Sam Richardson is a theatrical entrepreneur who has gathered his troupe of actors and creatives to the Old Knolle estate to plan the next season of entertainments. But as ever with theatrical types, things are not running smoothly. Both the writer and the director are in love with the same woman, the old theatrical legend has both a drinking and gambling problem and the set designer is stirring the pot, basically to see what happens.
When things come to a head, one member of the troupe lies dead in the water, clad in white pyjamas. While members of the troupe continue to scheme, it falls to Inspector Harting to bring down the curtain on the murderer.
John Bude is one of the most popular writers in the British Library Crime Classics range and certainly the writer of one of my favourite entries in the series, Death Makes A Prophet. I’m not entirely sure why this release has two titles bundled together – both this and Death Knows No Calendar are full-length novels – but let’s not complain about it. This is a very entertaining novel by itself and well worth the admission price.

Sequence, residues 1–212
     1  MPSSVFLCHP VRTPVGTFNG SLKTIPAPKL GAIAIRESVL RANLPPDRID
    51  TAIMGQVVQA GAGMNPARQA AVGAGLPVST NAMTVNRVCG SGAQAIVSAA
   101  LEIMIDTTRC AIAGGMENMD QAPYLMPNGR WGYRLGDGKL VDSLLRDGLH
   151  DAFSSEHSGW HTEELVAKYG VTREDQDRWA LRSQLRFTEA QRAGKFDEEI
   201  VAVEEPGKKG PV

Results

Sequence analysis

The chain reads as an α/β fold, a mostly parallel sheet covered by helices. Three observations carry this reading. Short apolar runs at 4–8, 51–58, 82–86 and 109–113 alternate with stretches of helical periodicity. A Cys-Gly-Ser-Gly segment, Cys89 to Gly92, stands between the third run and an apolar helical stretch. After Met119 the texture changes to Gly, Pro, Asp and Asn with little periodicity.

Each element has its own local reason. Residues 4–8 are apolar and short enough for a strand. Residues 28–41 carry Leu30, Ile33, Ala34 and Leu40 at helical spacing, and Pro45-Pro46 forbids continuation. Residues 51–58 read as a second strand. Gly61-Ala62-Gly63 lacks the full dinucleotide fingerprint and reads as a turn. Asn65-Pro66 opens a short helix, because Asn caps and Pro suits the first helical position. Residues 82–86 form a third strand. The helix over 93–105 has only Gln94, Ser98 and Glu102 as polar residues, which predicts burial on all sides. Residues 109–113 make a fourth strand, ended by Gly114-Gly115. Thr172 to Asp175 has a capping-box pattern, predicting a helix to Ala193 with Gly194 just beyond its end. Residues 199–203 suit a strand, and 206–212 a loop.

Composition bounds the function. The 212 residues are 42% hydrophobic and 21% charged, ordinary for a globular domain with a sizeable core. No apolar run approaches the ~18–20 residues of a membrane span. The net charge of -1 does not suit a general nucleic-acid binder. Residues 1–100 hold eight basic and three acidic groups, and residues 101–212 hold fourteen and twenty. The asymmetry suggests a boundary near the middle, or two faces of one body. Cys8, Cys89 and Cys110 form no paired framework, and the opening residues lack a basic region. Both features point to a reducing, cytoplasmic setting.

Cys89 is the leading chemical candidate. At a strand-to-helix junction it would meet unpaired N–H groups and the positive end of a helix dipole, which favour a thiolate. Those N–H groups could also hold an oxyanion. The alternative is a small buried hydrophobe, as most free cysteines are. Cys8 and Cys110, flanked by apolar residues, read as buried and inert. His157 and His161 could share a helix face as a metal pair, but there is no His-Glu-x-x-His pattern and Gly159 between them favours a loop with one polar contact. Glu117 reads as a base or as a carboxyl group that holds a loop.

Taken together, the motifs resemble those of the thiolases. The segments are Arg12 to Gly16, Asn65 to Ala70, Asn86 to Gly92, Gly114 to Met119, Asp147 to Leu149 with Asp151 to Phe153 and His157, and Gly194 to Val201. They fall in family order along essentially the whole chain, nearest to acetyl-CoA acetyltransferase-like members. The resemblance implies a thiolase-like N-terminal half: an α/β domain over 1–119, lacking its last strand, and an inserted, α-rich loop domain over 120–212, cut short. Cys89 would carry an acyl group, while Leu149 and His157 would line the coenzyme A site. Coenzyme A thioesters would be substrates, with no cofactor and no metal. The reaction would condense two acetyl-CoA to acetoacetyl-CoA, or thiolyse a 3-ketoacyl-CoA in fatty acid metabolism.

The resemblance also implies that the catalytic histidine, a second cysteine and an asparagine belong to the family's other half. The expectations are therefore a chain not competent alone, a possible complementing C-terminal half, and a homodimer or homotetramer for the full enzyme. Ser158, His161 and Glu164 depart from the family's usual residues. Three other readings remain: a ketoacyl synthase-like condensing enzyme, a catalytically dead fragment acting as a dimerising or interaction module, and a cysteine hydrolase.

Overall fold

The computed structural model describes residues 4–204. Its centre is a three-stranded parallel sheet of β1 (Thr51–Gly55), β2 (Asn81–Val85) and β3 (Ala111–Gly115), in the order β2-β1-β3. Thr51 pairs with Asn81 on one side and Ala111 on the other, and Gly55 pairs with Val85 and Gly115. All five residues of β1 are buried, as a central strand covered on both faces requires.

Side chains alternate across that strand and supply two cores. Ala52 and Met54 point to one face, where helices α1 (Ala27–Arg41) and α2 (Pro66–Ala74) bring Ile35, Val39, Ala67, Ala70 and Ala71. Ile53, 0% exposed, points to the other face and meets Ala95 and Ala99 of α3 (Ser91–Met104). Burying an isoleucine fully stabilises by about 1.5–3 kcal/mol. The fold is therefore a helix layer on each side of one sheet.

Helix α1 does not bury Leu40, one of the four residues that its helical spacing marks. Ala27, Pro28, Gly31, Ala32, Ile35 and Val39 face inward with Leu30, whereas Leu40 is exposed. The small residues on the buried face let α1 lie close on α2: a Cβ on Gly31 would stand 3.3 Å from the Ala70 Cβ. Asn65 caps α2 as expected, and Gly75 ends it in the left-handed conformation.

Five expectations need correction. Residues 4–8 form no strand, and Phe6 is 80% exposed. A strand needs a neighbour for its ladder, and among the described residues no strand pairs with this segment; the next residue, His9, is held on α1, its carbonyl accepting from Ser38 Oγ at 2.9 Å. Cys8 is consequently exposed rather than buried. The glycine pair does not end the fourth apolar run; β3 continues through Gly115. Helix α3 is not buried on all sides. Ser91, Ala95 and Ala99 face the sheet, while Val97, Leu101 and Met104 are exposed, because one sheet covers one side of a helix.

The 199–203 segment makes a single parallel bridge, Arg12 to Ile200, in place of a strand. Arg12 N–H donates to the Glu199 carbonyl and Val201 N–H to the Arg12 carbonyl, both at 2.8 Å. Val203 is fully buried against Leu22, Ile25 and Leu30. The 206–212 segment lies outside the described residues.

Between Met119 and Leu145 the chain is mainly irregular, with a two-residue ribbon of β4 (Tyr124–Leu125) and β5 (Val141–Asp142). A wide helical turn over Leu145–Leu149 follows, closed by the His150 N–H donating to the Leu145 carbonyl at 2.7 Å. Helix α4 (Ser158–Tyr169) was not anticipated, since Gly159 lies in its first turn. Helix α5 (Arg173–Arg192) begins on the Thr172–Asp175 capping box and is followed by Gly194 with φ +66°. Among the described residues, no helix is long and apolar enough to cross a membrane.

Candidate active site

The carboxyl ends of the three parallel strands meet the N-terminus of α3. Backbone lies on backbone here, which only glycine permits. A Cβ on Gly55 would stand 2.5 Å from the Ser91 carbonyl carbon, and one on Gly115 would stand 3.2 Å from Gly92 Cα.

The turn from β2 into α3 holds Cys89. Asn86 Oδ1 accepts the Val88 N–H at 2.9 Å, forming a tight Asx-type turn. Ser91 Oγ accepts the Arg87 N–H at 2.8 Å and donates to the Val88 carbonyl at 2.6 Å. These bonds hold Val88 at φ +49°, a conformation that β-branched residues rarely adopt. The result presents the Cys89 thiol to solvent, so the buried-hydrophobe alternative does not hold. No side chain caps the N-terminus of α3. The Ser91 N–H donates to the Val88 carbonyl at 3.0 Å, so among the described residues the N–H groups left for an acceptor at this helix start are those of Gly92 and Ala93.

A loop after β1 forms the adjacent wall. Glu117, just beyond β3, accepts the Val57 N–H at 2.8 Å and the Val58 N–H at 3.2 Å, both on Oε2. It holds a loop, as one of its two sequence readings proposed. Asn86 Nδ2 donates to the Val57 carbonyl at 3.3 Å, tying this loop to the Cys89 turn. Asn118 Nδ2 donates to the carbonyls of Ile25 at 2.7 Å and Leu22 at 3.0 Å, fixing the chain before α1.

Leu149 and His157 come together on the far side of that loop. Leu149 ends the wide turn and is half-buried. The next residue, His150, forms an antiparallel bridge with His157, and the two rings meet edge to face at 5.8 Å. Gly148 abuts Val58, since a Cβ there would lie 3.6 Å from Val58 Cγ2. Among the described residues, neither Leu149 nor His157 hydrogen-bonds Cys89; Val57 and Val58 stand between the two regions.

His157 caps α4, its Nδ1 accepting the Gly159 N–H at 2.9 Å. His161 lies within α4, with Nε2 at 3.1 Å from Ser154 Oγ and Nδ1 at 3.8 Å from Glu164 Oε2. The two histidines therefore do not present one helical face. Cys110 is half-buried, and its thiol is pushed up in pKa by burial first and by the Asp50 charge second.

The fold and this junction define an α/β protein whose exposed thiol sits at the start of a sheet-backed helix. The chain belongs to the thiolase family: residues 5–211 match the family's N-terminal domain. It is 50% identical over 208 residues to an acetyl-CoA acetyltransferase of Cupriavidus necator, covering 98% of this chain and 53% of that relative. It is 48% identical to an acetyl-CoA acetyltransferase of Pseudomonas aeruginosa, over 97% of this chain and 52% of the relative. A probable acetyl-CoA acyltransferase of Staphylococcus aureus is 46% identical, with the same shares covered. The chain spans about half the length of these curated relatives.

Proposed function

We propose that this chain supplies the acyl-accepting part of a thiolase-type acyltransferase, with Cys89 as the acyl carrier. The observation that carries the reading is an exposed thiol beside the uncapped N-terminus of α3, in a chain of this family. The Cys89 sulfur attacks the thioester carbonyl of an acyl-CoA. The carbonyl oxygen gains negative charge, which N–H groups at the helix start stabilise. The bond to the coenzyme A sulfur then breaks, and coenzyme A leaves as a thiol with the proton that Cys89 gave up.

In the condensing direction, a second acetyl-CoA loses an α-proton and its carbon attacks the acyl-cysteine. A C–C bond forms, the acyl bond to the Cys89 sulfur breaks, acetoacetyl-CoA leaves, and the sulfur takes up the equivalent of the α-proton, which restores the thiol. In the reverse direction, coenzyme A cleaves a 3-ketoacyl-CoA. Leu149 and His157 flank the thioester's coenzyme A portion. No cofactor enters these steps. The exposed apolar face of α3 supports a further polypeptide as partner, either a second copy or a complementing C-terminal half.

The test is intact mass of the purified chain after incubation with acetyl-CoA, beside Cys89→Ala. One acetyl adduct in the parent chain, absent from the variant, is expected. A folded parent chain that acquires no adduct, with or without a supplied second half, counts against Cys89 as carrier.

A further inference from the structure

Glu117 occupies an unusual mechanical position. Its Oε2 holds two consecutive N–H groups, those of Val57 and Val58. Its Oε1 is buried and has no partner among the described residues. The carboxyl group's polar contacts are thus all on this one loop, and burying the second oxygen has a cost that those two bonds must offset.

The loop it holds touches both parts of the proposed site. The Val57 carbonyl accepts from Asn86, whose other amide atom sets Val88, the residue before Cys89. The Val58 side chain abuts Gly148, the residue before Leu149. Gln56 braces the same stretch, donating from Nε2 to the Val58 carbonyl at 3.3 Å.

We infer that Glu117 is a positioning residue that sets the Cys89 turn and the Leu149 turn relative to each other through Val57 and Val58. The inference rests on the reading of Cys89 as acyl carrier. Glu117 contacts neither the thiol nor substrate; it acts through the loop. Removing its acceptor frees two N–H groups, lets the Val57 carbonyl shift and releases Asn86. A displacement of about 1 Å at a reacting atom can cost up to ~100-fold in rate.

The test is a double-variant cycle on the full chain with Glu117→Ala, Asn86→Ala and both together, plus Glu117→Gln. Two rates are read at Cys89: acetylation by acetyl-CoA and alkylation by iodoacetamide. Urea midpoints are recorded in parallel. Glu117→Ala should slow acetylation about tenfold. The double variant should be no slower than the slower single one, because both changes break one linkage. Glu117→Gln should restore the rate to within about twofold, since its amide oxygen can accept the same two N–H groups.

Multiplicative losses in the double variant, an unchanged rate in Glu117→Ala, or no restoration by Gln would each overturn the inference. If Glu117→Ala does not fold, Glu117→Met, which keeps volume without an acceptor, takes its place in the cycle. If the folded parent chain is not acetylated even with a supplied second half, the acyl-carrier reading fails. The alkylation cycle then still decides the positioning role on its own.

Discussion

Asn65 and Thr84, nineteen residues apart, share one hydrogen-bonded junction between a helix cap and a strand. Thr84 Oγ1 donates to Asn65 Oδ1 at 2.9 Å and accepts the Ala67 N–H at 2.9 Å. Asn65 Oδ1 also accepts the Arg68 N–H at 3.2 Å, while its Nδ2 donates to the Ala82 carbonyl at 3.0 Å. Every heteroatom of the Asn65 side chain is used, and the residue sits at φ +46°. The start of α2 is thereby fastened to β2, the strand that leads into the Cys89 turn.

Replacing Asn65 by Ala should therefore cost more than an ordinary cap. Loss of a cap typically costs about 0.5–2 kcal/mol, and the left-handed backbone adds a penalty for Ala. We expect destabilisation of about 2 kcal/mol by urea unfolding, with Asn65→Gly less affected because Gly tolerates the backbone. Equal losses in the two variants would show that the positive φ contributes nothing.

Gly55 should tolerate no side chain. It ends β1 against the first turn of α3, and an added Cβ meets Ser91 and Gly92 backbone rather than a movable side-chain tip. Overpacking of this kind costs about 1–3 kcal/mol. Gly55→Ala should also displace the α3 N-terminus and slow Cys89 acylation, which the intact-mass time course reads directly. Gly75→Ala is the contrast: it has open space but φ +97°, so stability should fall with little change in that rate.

I’m not going to name the murder victim here – although Martin Edwards does in his introduction – as the crime takes place more than halfway through the book, so I’d call it a spoiler, especially as there is definitely more than one candidate for being murdered. The central cast are a lively bunch – there’s a bit of typical Golden Age romance (i.e. unbelievable) going on, for example, but also a dab of theft and blackmail.
A little like Ngaio Marsh (although not as much), things fall off a little when the police arrive. Pre-murder, the focus shifts from character to character as tensions rise, but once Inspector Harting arrives, we get a near-exclusive look at things from his point of view. He’s more entertaining company than Handsome Alleyn and Bude’s writing keeps the story moving. Unfortunately, the choice of murderer isn’t desperately interesting and there’s some weird mechanics in the actual crime that don’t really fit with the rest of the book. Regardless, this is an entertaining read, and I’m looking forward to taking a look at the other half of this release.